Poland and America heading in opposite directions | Don Brunell

Poland broke the shackles of Soviet domination two decades ago with the rise of Lech Walesa and the Solidarity labor movement. Free for the first time since World War II, Poland cast off its yoke of government control and central planning in favor of an American-style free enterprise system.

Poland broke the shackles of Soviet domination two decades ago with the rise of Lech Walesa and the Solidarity labor movement. Free for the first time since World War II, Poland cast off its yoke of government control and central planning in favor of an American-style free enterprise system.

Today, Poland is the European Union’s largest eastern economy, the only member of the 27-nation bloc to avoid a recession in 2009. While most of European economies are in the tank, Poland’s gross domestic product expanded by four percent this year.

By contrast, the U.S. economy is struggling. According to an in-depth analysis by the Associated Press, our economic recovery is the weakest since World War II, and consumer spending has never been as slack.

Most troubling, President Obama and his allies believe the way to restore prosperity is more government intervention, higher taxes and more regulation.

But government intrusion never works, and as the Polish people know all too well, it leads to shortages, higher prices and lost opportunities.

Poles are hungry to learn about the innovation and creativity of our market-based economy. In fact, they eagerly invited Washington Business Week leaders to come to their country to show teachers and students first hand how private-sector businesses operate.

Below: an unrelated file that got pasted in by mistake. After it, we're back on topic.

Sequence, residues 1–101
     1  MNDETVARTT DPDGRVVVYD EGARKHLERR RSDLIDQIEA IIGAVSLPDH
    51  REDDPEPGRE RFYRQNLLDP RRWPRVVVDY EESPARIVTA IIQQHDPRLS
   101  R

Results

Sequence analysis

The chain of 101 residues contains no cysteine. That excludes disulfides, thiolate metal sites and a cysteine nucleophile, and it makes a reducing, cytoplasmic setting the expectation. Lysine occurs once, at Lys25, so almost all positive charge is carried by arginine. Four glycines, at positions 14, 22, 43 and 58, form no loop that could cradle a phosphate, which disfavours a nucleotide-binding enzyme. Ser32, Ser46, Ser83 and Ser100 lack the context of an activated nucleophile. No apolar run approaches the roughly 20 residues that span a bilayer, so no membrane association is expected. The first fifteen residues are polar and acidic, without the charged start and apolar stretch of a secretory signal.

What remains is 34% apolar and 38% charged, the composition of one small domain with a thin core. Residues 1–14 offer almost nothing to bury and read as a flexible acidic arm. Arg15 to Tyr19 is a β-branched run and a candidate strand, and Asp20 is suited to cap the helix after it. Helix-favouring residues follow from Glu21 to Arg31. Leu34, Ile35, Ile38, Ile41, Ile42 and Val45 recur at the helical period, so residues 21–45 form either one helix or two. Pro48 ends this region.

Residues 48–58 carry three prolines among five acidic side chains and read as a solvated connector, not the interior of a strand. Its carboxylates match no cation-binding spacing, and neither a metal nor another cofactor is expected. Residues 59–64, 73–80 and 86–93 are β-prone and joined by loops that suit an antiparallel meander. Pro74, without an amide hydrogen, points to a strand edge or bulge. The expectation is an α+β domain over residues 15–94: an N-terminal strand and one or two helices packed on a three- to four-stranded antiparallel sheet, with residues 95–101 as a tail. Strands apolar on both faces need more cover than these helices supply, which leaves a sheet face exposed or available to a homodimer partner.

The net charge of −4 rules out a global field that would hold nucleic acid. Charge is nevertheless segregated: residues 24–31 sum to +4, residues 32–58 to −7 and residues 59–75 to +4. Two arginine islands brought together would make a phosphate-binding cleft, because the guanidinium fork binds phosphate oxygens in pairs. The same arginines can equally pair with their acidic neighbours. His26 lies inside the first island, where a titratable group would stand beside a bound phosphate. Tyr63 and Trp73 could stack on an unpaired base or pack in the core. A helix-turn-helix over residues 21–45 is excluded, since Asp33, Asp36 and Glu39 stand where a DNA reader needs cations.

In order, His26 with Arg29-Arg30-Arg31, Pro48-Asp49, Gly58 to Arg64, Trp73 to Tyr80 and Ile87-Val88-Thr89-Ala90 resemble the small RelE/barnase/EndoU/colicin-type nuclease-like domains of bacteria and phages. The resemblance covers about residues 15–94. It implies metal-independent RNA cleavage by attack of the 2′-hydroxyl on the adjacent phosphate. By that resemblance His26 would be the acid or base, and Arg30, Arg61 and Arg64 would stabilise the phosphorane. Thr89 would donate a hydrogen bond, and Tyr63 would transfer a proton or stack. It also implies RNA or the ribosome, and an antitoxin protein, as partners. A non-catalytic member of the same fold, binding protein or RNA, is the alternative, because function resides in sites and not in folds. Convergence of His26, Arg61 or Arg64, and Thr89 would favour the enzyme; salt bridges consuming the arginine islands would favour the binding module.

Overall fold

Business Week, started in 1975 by the Association of Washington Business, is a series of week-long business “boot camps” in colleges and universities where high school students get hands-on experience in what it’s like to run a business, create new products, compete in the global marketplace, and make decisions that change people’s lives.  Since its inception, Business Week has spread to 22 states, Australia and Poland.

During the school year, Polish students follow a very structured academic curriculum.  But with Business Week’s mix of American educators, students and business leaders, they learn how to unleash their creative abilities — something that was totally suppressed by the former Communist government.

Just a few blocks from the Gdansk technical school where Business Week takes place is the Solidarity Museum. The museum is a stark reminder of life under a system of government control, restricted freedoms and mediocrity. One of the museum’s displays is a series of empty grocery shelves, a haunting reminder of the time when poor working people in Poland had only a meager selection of rationed food, clothing and household supplies.

Polish students see our nation as a beacon of hope, but they feel that bright light is dimming. Poles embrace the need to protect the environment, worker safety and conserve resources, but they don’t understand why our government is inhibiting the private sector’s ability to innovate and solve problems.